In addition.[12] Comparability Most rules provide standards for when unrelated party prices.[13] Such standards typically require that data used in comparisons be reliable and that the means used to compare produce a reliable result. functional analysis of the transactions and parties. Arm's length standard Nearly all systems require that prices be tested using an "arm's length" standard. and testing may use multiple year data. transactions.[14] Where such reliable adjustments cannot be made. There are clear practical difficulties in implementing the arm's length standard. verbal. such as the interquartile range used in U.[9] Multiple transactions may be aggregated or tested separately.S. regulations. profitability or other items are considered sufficiently comparable in testing related party items. In addition. and permit adjustment only to actual transactions. where neither is under any compulsion to act.Most rules require that the tax authorities consider actual transactions between parties. most systems recognize that an arm's length price may not be a particular price point but rather a range of prices. there are rarely identical items. The U.[10] Under this approach. Among the factors that must be considered in determining comparability are:[15]     the nature of the property or services provided between the parties. Transactions not undertaken in the ordinary course of business generally are not considered to be comparable to those taken in the ordinary course of business. Significant deviation among points in the range may indicate lack of reliability of data. and OECD rules require that reliable adjustments must be made for all differences (if any) between related party items and purported comparables that could materially affect the condition being examined. including the effects of different market levels and geographic markets. Terms of sale may vary from transaction to transaction.S.and comparison of significant economic conditions that could affect prices. Some systems provide measures for evaluating whether a price within such range is considered arm's length. This is generally defined as a price that an independent buyer would pay an independent seller for an identical item under identical terms and conditions. transactions whose economic substance differs materially from their form may be recharacterized under the laws of many systems to follow the economic substance. Some systems give a preference to certain transactional methods over other methods for testing prices. Market and other conditions may vary geographically or over time. Comparability of tested prices with uncontrolled prices is generally considered enhanced by use of multiple data. comparison of contractual terms (whether written. or implied from conduct of the parties).[11] Reliability is generally considered to be improved by use of multiple year data. For items other than goods. the reliability of the comparison is in doubt. a price is considered appropriate if it is within a range of prices that would be charged by independent parties dealing at arm's length. .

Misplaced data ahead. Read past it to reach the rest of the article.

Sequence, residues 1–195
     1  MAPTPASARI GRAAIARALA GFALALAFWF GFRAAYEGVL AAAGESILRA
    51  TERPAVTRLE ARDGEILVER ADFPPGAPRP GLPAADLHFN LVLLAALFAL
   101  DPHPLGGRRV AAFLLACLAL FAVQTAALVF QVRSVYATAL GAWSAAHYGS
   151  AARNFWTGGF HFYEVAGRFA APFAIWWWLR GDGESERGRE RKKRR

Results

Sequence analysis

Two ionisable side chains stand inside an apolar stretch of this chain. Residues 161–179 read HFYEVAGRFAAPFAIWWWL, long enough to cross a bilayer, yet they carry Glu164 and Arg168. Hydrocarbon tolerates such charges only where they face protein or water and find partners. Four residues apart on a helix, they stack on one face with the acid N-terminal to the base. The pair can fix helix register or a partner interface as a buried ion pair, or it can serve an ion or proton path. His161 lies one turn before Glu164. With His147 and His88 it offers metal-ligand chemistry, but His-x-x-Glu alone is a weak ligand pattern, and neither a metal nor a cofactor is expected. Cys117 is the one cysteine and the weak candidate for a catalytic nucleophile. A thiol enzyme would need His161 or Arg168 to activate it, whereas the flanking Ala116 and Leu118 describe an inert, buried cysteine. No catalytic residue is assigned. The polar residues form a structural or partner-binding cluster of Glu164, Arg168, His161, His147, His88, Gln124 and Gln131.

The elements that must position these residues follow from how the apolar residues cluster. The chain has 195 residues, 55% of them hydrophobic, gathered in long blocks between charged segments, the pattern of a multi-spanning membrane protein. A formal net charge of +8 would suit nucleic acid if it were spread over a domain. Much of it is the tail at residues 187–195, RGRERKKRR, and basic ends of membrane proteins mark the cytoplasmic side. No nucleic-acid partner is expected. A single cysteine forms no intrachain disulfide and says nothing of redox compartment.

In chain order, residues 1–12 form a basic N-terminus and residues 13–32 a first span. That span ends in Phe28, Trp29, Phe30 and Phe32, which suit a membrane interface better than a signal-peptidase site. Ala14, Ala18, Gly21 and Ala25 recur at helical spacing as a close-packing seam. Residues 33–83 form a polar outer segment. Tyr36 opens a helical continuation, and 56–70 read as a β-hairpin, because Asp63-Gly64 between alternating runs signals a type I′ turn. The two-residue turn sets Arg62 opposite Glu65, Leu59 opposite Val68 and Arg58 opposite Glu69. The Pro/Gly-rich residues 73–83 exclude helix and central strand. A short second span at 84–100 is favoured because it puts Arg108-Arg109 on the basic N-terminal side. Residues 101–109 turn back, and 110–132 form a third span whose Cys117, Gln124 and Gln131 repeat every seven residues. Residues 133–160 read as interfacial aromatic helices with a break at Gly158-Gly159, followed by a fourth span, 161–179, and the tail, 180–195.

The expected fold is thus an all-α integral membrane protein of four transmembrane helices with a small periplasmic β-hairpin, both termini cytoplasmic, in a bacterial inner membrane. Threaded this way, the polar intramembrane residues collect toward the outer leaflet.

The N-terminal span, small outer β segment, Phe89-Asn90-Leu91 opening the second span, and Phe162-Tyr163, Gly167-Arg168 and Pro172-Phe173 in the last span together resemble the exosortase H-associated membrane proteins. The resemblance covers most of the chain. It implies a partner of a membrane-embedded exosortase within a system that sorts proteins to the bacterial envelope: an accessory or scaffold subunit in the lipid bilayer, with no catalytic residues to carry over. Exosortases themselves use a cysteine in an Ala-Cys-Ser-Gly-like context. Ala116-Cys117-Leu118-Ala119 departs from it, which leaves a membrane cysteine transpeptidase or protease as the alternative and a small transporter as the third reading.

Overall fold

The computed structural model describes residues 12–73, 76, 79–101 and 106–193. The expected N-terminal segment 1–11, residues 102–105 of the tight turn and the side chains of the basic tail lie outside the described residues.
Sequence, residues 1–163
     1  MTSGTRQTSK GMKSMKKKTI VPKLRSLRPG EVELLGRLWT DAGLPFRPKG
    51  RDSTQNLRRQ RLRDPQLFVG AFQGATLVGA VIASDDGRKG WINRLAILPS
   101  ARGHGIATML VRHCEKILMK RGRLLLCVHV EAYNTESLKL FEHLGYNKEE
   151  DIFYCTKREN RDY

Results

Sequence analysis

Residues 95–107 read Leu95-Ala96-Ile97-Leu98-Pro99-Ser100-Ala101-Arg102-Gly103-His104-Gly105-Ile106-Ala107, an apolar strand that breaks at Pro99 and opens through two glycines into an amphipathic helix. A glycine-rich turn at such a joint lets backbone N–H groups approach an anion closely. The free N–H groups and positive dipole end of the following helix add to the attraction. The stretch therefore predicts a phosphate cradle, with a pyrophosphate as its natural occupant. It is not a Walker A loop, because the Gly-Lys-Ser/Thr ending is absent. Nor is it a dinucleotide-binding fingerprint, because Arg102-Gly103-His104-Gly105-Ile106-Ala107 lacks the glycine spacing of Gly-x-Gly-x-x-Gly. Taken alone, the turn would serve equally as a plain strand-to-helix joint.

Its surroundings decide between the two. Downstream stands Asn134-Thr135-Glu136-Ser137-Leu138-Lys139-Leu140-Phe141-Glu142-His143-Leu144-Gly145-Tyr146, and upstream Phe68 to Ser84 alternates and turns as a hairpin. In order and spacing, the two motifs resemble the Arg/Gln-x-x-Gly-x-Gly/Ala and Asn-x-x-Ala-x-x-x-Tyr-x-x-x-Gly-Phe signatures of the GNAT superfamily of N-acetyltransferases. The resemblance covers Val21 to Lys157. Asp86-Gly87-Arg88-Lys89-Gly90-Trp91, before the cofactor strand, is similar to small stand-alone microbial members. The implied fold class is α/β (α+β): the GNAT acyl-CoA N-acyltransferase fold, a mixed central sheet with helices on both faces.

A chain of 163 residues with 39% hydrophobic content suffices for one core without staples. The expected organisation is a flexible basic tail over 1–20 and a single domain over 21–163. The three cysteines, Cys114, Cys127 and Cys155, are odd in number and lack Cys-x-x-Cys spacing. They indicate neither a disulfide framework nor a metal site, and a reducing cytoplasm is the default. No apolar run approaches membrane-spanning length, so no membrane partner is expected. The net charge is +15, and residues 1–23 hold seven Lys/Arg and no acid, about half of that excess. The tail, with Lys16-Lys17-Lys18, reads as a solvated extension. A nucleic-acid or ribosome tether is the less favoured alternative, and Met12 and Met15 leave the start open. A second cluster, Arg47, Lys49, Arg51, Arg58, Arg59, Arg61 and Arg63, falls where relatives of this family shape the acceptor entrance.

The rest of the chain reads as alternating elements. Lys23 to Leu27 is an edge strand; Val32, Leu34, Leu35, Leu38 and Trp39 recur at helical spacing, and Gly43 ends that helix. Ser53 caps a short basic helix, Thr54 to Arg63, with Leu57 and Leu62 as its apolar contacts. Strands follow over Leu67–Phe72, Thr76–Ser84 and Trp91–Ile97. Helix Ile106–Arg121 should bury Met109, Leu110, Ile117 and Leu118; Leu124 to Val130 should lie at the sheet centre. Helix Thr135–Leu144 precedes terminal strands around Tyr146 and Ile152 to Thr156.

[18] For example. Where prices are to be compared. However. such as differences in features or quality. Terms that may impact price include payment timing. or property may be provided to different levels of buyers or users: producer to wholesaler. a seller of a machine may or may not provide a warranty.Nature of property or services Comparability is best achieved where identical items are compared. Among the functions and risks that may impact prices are:[17]           Product development Manufacturing and assembly Marketing and advertising Transportation and warehousing Credit risk Product obsolescence risk Market and entrepreneurial risks Collection risk Financial and currency risks Company. buyers will pay more if they can defer payment and buy in smaller quantities. duration of rights to use of the product. wholesaler to retailer. Market conditions. In addition. For example. and thus prices. warranty. economic conditions and geography Goods. vary greatly at these levels. gold prices might be adjusted based on the weight of the actual gold (one ounce of 10 carat gold would be half the price of one ounce of 20 carat gold). the putative comparables must be at the same market level. within the same or similar economic and geographic environments. The price a buyer would pay will be affected by this difference. volume discounts. services. or for ultimate consumption. Functions and risks Buyers and sellers may perform different functions related to the exchange and undertake different risks.[16] For example. wholesaler to wholesaler. prices may vary greatly between different economies or geographies. Buyers or sellers may have different market shares that allow them to achieve volume discounts or exert sufficient pressure on the other party to lower prices.or industry-specific items Terms of sale Manner and terms of sale may have a material impact on price. form of consideration. For example. in some cases it is possible to make reliable adjustments for differences in the particular items.[19] Types of transactions . Market level. etc. a head of cauliflower at a retail market will command a vastly different price in unelectrified rural India than in Tokyo. and under the same or similar conditions.